Indianapolis Colts left tackle Anthony Castonzo considered retirement a year ago, before ultimately signing a two-year deal to keep playing. He battled injuries throughout his 10th NFL season, including an ankle injury that ended it before Week 17.
On Tuesday, Castonzo announced his retirement. A first-round pick (22nd overall) out of Boston College in 2011, he started all 144 games he played in his career at left tackle for the Colts.
The Colts will add about $16 million to their already nice amount of cap space with Castonzo’s retirement. So they’ll be able to address the need for a left tackle in free agency, though Spotrac’s list of current options is hardly formidable. The 21st pick in the draft could be the path to bringing someone in (Texas’ Samuel Cosmi, Alabama’s Alex Leatherwood, Notre Dame’s Liam Eichenburg, etc.).
But could Castonzo’s replacement ultimately come from within?
Stephen Holder of The Athletic added that Castonzo said he and Quenton Nelson have discussed playing left tackle and what it would be like to play it regularly. Holder suggests they were only “hypothetical conversations”, but also that Nelson isn’t opposed to the idea of moving out from left guard.
Should Quenton Nelson be the Colts’ new LT?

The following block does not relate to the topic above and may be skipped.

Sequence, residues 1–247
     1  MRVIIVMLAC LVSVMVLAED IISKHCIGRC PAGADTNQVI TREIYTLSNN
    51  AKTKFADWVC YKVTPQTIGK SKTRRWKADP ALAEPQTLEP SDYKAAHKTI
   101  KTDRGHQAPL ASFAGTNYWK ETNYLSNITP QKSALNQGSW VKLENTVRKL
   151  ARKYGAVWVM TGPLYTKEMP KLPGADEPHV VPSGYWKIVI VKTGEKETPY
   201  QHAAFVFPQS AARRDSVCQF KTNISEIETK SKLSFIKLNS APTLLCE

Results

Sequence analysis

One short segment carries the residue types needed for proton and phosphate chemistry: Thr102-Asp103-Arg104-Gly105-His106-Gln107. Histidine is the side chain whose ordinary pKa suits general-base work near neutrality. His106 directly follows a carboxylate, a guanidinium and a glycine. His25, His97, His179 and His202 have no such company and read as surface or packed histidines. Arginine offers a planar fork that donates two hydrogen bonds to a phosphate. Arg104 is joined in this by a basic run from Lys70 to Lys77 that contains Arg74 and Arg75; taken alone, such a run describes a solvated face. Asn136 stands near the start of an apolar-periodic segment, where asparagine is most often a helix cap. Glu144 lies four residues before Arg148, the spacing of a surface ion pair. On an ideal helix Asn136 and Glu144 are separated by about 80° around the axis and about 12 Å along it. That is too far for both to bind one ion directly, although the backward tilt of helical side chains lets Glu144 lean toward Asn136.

The Colts took Nelson sixth overall in the 2018 draft out of Notre Dame, and he has earned three Pro Bowl nods in as many seasons. He has also earned AP First Team All-Pro honors all three seasons. Simply put, he’s one of the best offensive lineman in the NFL.
Pessimists might say moving Nelson to left tackle, a position he played a few snaps at this year when Castonzo left a game early, would weaken two areas. Castonzo’s retirement leaves one spot in need of reinforcement right now.
The top free agent options at guard are Brandon Scherff and Joe Thuney. Money will be no object for the Colts if they want to go after one of them. If Nelson is tabbed to make the transition to left tackle, as it seems to be trending toward at this early stage, there would not be much of a drop-off at left guard with Scherff or Thuney.
The conversation about Nelson moving to left tackle is two-fold rooted for the Colts. Can he make the move capably? It’s easy to say yes to that right off the bat, until proven otherwise. But can they replace him at left guard? That’s a tougher answer. Free agency, the draft or an internal option (who would also be be moving to a new position) are all possible. It’s really a matter or which of the three avenues would yield the best player to replace Nelson. And that, as long as the Colts get Scherff or Thuney, seems to clearly be free agency.